•        Meetings with key groups of stakeholders to assess their opinion of the draft brand strategy.
  •        The refinement and finalisation of the brand strategy in the light of feedback from the consultation process.
  •        The development of a brand book describing the process of creating the brand strategy, its essence and its four core brand pillars as the agreed basis for marketing and messaging the brand proposition to target market audiences.
  •        Detailed briefings for the staff of key stakeholders on the development of the brand, the content of the brand book and how to make effective use of it.

The Cork Brand Book sets out:
  •       The reasons why the brand strategy was developed – principally to help better-position Cork and Ireland for future economic success and support and drive the economic development of the region.
  •       The essence of the brand proposition – “A menu for your success”.
  •       The offer and experience that Cork wants to be known for, the four core pillars of its brand proposition:
           - The economic offer
         - The quality of life offer
         - The education offer
         - The visitor offer
         - Guidance on using the book.

This is the first edition of the brand book and it is expected that it will go through many iterations over the future as the brand proposition is strengthened and developed through action and investment by local and international investors. It will tell an emerging and ever more compelling story over time.

The Benefits of Brand Books

Developing a place brand strategy is a powerful process that brings all of the stakeholders together to create a compelling and engaging story for the place. And, the story of any place is not static and it is vital that it is constantly revisited and revised. A good vehicle for doing so is the place brand book.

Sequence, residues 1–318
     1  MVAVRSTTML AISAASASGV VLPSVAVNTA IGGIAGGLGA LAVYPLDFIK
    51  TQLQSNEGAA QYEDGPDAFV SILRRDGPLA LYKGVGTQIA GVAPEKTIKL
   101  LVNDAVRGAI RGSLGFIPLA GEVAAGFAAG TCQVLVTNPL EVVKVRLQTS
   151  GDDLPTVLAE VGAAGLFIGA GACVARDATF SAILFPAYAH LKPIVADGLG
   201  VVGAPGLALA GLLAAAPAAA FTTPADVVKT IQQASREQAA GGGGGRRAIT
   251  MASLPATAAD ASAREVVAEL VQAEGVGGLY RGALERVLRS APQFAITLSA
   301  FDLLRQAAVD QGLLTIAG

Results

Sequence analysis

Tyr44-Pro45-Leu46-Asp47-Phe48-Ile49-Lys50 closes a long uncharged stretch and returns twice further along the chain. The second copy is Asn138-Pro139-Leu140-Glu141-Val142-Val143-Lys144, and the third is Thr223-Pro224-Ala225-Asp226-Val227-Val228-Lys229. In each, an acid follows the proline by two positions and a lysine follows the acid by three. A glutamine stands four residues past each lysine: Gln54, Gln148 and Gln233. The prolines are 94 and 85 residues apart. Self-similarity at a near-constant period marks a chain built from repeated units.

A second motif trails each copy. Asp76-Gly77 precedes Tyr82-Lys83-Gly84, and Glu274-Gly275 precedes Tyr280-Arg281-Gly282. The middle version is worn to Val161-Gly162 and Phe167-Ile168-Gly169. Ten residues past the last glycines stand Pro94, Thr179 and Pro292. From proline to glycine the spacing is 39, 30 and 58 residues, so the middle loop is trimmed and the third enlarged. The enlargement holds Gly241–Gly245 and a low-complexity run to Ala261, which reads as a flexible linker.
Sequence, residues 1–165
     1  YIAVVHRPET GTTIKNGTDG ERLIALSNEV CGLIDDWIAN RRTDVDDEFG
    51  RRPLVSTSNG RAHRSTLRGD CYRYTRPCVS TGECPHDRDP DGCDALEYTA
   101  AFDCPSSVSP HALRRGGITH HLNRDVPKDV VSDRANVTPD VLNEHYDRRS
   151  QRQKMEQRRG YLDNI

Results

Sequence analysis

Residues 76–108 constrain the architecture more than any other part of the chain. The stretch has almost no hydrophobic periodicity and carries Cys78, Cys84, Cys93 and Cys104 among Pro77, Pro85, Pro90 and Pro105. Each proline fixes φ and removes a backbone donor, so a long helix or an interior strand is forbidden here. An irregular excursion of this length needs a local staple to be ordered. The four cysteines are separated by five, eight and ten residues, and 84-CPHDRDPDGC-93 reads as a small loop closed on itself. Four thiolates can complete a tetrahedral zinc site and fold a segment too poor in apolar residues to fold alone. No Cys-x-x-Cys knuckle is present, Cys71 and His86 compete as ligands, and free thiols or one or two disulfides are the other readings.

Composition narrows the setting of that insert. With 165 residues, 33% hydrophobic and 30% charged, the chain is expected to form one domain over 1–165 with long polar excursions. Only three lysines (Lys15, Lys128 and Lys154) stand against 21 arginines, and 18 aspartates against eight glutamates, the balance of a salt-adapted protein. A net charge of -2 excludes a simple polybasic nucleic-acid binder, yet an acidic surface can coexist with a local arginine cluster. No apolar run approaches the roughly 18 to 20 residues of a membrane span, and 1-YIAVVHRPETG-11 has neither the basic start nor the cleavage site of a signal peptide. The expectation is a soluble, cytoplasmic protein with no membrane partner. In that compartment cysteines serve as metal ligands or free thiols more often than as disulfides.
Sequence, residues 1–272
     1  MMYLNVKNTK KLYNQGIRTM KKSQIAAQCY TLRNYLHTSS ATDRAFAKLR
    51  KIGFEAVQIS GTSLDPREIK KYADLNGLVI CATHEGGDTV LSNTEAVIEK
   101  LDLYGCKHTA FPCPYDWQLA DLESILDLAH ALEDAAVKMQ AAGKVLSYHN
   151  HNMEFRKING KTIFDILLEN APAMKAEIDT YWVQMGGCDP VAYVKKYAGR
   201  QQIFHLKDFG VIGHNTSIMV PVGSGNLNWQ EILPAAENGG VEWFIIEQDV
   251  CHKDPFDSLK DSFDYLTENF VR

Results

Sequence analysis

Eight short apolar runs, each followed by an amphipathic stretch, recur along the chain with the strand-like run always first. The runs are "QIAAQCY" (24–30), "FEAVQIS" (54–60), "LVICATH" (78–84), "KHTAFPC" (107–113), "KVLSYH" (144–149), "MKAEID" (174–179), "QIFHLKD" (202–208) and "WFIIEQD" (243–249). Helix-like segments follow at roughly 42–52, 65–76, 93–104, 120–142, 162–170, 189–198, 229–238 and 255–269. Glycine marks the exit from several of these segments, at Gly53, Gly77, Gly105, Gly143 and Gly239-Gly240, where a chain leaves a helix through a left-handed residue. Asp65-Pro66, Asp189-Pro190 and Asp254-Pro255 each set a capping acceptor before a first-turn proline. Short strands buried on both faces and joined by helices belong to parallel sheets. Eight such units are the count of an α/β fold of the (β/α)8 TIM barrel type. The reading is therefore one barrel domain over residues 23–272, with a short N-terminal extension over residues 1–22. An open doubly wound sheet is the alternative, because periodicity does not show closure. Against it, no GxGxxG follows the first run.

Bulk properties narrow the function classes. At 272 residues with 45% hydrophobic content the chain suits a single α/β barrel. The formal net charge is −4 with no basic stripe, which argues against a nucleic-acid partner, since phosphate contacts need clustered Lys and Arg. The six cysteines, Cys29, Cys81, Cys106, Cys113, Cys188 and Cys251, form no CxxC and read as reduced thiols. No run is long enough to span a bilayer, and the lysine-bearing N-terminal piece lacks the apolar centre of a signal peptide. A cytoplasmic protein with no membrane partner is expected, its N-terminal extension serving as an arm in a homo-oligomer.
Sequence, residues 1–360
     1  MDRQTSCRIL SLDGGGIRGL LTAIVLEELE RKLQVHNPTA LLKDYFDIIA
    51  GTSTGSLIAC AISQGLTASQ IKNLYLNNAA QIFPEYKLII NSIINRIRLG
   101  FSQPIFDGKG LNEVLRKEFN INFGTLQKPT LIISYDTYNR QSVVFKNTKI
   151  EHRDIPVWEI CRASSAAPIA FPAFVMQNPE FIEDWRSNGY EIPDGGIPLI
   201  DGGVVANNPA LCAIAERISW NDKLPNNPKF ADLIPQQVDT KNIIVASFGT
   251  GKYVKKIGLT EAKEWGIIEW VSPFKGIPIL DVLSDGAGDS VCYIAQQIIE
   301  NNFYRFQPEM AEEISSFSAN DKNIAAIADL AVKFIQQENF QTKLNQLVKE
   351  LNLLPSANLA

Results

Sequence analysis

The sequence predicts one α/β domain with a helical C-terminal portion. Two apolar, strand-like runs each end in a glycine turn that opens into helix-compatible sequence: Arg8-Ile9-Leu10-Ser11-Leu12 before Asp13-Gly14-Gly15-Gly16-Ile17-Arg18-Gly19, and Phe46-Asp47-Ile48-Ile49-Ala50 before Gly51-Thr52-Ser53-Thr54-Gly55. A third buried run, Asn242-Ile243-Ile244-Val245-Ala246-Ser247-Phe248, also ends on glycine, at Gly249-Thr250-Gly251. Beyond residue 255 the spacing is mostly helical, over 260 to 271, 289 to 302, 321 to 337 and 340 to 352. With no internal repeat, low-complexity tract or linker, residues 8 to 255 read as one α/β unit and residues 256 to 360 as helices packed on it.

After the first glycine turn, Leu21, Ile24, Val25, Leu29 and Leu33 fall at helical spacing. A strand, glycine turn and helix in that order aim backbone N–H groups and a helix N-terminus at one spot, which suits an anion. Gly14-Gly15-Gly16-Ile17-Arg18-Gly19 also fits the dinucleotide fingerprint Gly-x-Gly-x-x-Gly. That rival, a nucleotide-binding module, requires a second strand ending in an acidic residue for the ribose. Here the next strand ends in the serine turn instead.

In essence place brand books ensure that multiple stakeholders of places “sing from the same hymn sheet” and are consistently “on-brand” in promoting their agreed brand proposition and messages about it to target market audiences, work to an agreed shared plan to implement their strategy and jointly develop and build their brand proposition over time.

A powerful benefit is that it helps the place speak more coherently and thus have more conversations and do more deal

Place brand books can inform the development and content of marketing collateral including:

  1.         The organisation of new brand management and marketing organisations;
  2.         The design of promotional websites  for the overall offer of a city and for specific areas such as those undergoing regeneration;
  3.         The design of inward investment prospectuses in support of regeneration initiatives;
  4.         The design of marketing collateral for programmes of activities and events in “open source code”;

They can also inform:
  1.          How the place welcomes and treats people;
  2.          What the media thinks and says about the place;

To remain relevant brand books must be updated on a regular basis to capture additions to the offer and experience of the place improvements to the existing range of offers.

They also need to be updated to reflect the messages that the place communicates to its target market audiences as their tastes change and as new audiences emerge.

And, while it is clearly possible to design a classy looking brand book in a traditional print format, the need for them to remain “live” indicates that the most effective way of keeping them so is in a digital format.

Malcolm Allan wishes to thank Jeannette Hanna, Roger Hobkinson, Greg Canty and Michael Donohue for their advice and comments on earlier drafts of this blog post.

Thursday, 2 April 2015

Cork Region Brand Proposition - Testing, Refinement and Briefing

This post, the fourth in the series on the development of the brand proposition for the Cork city region in south west Ireland, summarises how the brand development team of Colliers International, Fuzion, Location Connections and Placematters tested and refined the brand strategy and how key stakeholders and their staff were equipped to market and promote its brand proposition.